Then a report by Smoking Gun lifted Jean’s Superman cape. Turns out the organization had some serious financial mismanagement issues, including not filing taxes and large payouts given to Jean and his associates. Jean defended Yéle’s credibility, but the damage was done. One year after the earthquake, millions of Haitians are living in tents and dying in record numbers of curable diseases, even after donors around the world gave more than $14 billion.
This is what I call an aid fail.
World Vision sending unwanted NFL t-shirts with congratulations for the losing Super Bowl team to Zambians is a dumb aid fail. The World Bank blindly giving $133 million to the Cameroonian government for free antiretroviral drugs that ended up being sold on the black market never reaching dying AIDS patients, is an epic aid fail. Even the wildly-popular TOMS Shoes — a for-profit company whose “One for One” campaign donates a new pair of shoes to children in developing countries for every one pair sold — was guilty of aid fail after the writers of Good Intentions pointed out that the company’s give-aways undermine local merchants who sell and make shoes in those countries (not to mention shoes are the least of people’s problems in Ethiopia).
After Good Intentions launched their counter campaign to TOMS’ “A Day Without Shoes,” I posted on my Twitter: If you want to help Africa, send faster Internet not shoes or loser-NFL T-shirts. Most of my friends sent “LOLs,” but one messaged me with a sincere question. “Ok, then” he asked, “how can I help?” This question bounced in my mind like a ping-pong ball for weeks until I had an “Aha” moment: Techvest (taken from technology and invest). Investing in technology start-ups and funding ideas from tech entrepreneurs in Africa is a form of aid the continent needs most right now.
Africa is the fastest growing mobile phone market in the world and Internet penetration across the continent is higher than ever. The world witnessed this “technology revolution” when Egypt’s and Tunisian citizens used Facebook and Google’s Tweet to Speak to tell the world of the atrocities ravaging their countries.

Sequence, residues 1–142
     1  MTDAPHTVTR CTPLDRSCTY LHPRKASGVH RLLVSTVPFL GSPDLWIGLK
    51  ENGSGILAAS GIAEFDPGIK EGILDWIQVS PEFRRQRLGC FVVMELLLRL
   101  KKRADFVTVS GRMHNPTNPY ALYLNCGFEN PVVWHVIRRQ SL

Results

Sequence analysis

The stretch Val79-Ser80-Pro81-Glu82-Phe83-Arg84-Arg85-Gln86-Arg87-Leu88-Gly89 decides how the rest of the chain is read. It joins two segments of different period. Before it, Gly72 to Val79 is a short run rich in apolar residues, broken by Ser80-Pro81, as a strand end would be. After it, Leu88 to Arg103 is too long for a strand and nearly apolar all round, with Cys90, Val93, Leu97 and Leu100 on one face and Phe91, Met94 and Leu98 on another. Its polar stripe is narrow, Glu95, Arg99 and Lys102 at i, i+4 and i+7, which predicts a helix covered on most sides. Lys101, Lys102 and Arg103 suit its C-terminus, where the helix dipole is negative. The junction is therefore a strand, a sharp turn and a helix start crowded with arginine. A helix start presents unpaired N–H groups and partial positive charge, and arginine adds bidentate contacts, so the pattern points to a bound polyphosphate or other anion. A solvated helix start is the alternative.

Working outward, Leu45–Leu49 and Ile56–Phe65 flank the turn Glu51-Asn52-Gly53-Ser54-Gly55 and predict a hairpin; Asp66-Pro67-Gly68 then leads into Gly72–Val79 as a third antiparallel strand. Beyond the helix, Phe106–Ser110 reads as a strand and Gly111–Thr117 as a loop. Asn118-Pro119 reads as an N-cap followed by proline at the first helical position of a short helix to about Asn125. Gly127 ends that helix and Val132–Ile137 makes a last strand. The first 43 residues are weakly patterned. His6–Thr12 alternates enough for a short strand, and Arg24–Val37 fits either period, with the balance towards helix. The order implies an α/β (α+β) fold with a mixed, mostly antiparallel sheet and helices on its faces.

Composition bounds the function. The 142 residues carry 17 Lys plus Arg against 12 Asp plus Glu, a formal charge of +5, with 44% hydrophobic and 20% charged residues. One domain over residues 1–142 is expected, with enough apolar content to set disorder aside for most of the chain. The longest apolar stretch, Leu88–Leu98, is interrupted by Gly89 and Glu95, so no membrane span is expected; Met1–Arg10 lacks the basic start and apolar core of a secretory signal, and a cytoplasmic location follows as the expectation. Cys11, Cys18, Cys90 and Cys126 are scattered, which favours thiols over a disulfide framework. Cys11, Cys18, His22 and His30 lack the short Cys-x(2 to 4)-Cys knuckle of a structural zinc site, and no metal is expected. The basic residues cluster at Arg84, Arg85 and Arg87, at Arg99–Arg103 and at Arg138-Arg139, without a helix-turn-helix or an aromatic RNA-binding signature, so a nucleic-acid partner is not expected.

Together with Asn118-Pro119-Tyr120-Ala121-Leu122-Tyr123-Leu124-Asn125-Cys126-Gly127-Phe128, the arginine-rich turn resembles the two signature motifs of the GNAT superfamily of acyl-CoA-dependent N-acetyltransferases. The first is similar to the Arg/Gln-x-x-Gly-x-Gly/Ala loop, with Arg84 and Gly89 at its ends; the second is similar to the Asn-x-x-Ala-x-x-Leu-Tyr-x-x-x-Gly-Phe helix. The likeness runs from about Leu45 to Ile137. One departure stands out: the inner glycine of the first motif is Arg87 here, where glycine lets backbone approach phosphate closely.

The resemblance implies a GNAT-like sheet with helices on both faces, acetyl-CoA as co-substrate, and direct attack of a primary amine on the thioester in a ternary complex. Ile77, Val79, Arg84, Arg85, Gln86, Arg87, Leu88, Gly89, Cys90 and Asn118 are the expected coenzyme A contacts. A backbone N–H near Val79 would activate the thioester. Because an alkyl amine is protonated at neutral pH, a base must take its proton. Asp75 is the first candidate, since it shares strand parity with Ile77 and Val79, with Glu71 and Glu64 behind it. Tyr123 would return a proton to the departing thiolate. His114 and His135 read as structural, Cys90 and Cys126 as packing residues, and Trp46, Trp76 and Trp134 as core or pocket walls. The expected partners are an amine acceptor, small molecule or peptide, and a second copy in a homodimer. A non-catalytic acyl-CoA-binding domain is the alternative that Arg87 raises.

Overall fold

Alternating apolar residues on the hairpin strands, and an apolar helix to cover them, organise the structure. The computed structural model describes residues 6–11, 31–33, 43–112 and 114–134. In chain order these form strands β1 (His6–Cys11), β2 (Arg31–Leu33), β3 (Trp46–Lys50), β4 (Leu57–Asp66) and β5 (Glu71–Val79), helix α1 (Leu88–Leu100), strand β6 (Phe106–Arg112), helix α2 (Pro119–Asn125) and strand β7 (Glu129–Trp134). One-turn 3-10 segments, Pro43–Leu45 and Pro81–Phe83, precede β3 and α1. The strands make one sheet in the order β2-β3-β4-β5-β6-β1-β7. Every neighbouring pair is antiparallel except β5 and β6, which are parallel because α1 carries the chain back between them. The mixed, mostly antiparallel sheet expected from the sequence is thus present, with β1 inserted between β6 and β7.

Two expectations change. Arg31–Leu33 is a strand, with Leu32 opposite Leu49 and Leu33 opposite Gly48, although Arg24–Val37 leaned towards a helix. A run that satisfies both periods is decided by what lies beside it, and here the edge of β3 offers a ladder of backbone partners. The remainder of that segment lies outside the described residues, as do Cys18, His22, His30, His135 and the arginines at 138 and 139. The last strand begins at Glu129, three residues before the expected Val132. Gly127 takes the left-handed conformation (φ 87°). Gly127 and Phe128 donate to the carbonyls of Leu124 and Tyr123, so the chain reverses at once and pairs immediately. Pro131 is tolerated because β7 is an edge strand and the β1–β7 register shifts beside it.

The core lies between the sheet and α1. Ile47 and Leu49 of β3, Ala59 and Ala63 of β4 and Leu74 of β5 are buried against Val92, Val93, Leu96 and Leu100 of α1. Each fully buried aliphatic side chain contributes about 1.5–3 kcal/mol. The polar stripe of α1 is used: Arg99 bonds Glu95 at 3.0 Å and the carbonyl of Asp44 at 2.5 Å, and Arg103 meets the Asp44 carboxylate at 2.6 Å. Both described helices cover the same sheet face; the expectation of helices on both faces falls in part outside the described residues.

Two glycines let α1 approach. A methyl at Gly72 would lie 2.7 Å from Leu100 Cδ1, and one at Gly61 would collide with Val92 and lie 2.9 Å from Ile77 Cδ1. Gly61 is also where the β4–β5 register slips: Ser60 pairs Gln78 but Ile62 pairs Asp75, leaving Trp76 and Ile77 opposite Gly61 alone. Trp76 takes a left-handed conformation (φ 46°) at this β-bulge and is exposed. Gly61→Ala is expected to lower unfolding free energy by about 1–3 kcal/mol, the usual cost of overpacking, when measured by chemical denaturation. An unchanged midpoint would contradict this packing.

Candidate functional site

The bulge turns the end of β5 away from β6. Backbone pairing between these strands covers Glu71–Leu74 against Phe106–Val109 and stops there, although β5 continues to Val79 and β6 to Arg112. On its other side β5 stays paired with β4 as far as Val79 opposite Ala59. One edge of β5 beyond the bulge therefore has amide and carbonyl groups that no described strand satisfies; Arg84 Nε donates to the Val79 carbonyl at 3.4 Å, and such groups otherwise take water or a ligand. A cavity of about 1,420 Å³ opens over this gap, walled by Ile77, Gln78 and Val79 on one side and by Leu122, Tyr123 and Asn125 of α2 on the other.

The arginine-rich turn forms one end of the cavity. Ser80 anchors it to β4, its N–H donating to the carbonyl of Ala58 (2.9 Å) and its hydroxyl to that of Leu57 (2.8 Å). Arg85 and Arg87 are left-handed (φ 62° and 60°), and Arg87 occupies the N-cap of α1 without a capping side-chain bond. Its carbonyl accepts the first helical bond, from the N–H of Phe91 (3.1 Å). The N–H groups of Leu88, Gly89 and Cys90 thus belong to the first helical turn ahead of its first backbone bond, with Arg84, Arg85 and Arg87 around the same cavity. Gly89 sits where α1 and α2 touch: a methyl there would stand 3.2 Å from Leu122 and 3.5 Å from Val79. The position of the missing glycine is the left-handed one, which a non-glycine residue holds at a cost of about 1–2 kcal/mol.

Let me scale down this image.
For six months I taught new media classes at a secondary school in Buea, Cameroon. By the second week I was amazed at my students’ innate ability to learn technology that was foreign to them before my arrival. With the connectivity of the Internet they sent their thoughts on AIDS, child labor, and musings on their teenage lives to homes around the world in one mouse click. Living in governments where the needs of young people go ignored, these kids are finding freedom in technology. Students in Namibia stressed the need for computers and tech training in their appeal to the United Nations Children’s Fund (UNICEF). “Through ICT we can get information and know what is happening in the world around us,” 17-year-old William Hangula told UNICEF Newswire. “If the government does not provide computers to schools,” he pleaded, “we will be left out.”
Techvest would give promising developers the capital to foster their ideas and lead the way for Africa to have the totem of economic progress: A stable middle class. Recent innovations prove a silicon valley is possible in Narobi, South Africa or even Cameroon. Crowd-mapping application Ushahidi, created by Kenyan techies, is now the first option in disaster response around the world. Text messages are being used in South Africa to reach HIV patients in remote villages. Last month, Google hosted its first Android Developer Challenge in Sub-Saharan Africa, drawing brilliant minds. Africa is not devoid of innovation, says Mfonobong Nsehe, a blogger for Forbes Magazine, who highlights Africa’s best tech firms on his column “The Africa Chronicles.” What is needed is money to help get these idea off the ground.
The US State Department is catching on. In 2009 it pledged $5 million in grants under Secretary of State Hillary Clinton’s Civil Society 2.0 program to provide groups in North Africa training using tools like social media, web design, and blogging. From a development stand point, investing in these initiatives is a way of,“using technology to help people solve their own problems,” Anne-Marie Slaughter, a former director at the State Department, told the Counsel on Foreign Relations. This is a noble contribution, but it is not nearly enough.
There are thousands of developers across the continent just waiting to launch the next Ushahidi or FrontlineSMS; not to line their own pockets, but to advance their countries’ progress. Techvest will keep digital natives in Africa and help decrease the “brain drain” that is hurting growth. Here’s one way you can help: Check out Venture Capital for Africa (http://www.vc4africa.com), a social network that connects investors directly with entrepreneurs in need of start-up capital. Even a small investment can help strengthen a nation and prevent aid fail.